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WASHINGTON, D.C. Roger Williams Medical Center, a hospital based in Providence, Rhode Island, has agreed to pay $400,000 to resolve allegations of Medicare fraud, the Justice Department announced today.

The settlement relates to allegations that the medical center violated the False Claims Act by "upcoding" a pneumonia diagnosis code. Upcoding is the practice of assigning false diagnosis codes i.e., a diagnosis code that is not supported by the physician's documentation in the medical record on claims submitted to Medicare in order to increase reimbursements.

Under Medicare, hospitals are reimbursed through the DRG (Diagnostic Related Groups) coding system in which hospitals assign diagnosis codes for each patient discharge and those codes determine the DRG to which a patient discharge is assigned. The government's reimbursement is then based on the assigned DRG. In this case, Roger Williams was able to increase its reimbursements when it assigned a false, higher reimbursing pneumonia diagnosis code, rather than the correct, lower reimbursing diagnosis code.

"This settlement demonstrates our ongoing commitment to vigorously pursue allegations of fraud and abuse in the Medicare system," said Assistant Attorney General Robert D. McCallum of the Civil Division. "The Medicare system operates on the good faith and honesty of its providers, and we cannot tolerate misuse of the reimbursement system for financial gain."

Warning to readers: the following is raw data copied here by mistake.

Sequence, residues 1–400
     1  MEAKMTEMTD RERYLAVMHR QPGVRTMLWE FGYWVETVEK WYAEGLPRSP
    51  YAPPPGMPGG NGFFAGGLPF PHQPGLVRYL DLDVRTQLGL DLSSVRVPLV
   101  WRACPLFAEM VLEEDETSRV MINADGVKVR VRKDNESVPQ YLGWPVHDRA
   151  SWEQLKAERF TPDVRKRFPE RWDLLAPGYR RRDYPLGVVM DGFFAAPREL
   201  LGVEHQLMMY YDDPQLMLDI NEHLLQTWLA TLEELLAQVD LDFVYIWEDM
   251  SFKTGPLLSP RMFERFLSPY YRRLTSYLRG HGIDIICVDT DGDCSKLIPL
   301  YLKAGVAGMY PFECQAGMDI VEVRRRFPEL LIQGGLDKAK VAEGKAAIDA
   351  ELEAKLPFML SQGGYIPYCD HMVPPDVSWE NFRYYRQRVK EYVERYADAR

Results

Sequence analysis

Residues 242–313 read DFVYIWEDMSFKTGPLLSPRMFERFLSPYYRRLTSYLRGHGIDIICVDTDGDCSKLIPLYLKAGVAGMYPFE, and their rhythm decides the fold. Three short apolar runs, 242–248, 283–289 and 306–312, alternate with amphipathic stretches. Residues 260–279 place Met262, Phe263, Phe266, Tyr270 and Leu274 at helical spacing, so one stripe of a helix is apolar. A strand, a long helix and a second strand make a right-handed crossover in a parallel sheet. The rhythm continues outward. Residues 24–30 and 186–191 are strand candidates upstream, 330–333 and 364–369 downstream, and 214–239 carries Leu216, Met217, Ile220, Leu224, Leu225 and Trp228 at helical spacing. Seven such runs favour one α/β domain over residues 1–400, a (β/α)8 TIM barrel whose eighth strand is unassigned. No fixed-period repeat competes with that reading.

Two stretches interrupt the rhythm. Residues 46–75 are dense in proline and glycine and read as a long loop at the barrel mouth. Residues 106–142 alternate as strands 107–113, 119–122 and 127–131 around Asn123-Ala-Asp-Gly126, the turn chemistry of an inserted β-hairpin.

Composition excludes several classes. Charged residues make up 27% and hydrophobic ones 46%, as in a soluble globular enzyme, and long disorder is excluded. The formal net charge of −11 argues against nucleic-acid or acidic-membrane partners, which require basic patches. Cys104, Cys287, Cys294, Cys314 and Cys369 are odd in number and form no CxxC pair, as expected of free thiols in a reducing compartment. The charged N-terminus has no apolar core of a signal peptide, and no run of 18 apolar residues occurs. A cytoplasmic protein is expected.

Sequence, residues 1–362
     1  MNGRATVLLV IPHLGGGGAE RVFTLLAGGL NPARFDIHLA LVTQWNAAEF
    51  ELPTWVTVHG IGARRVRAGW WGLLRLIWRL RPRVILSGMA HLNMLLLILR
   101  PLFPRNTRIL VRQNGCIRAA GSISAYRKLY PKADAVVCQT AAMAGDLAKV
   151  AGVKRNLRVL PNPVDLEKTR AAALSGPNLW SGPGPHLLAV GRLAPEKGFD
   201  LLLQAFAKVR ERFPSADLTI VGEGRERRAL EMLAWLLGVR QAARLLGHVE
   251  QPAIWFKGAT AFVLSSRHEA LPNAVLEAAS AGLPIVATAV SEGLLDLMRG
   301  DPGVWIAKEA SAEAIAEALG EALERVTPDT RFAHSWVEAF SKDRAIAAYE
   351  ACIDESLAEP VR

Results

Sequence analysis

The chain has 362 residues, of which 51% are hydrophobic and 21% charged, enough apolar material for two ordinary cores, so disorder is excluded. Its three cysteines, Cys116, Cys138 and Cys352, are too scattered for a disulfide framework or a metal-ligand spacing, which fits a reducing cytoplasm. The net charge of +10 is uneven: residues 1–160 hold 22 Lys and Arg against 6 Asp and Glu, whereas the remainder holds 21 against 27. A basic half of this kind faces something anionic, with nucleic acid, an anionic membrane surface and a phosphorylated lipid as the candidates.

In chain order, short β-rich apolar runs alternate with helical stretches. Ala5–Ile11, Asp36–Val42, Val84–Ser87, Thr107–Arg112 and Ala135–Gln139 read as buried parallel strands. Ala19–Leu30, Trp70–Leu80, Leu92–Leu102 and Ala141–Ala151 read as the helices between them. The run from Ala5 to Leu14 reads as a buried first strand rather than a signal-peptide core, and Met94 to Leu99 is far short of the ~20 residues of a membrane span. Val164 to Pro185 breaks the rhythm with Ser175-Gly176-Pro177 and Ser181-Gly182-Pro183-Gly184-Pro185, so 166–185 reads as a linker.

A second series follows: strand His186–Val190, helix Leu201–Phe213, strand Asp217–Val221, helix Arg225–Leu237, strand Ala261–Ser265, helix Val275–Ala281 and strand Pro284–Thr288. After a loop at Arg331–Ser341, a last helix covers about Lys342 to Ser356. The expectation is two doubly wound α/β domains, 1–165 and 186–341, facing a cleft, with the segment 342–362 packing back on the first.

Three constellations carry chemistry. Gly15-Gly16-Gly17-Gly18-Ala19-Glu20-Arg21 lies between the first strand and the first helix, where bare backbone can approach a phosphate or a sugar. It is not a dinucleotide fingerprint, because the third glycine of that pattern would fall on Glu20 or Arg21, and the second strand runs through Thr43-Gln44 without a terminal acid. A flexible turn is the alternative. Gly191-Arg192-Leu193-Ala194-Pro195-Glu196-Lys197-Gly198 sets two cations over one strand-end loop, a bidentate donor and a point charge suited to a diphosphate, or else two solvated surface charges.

Roger Williams also has entered into a corporate compliance agreement with the Department of Health and Human Services. The integrity provisions are designed to ensure continuing compliance by the hospital with Medicare and other federal health programs. The provisions compel Roger Williams to retain an independent review organization to perform regular billing and coding reviews including random claims reviews; to provide coding and compliance training to employees; and to retain a compliance officer and compliance committee with responsibility for developing and implementing policies designed to ensure compliance with federal health care program requirements and the integrity provisions. Stipulated penalties are provided for in the event of a breach of the integrity provisions.

This case was part of a qui tam or whistleblower lawsuit originally filed in 1996 by relator Health Outcomes Technologies. Under the False Claims Act, private individuals or firms can file suit on behalf of the government and share in any recovery. As a result of the settlement, the Doylestown, Pennsylvania-based company will receive a $57,540.

The case was handled by the Justice Department's Civil Division, in collaboration with the Office of Inspector General for the Department of Health and Human Services.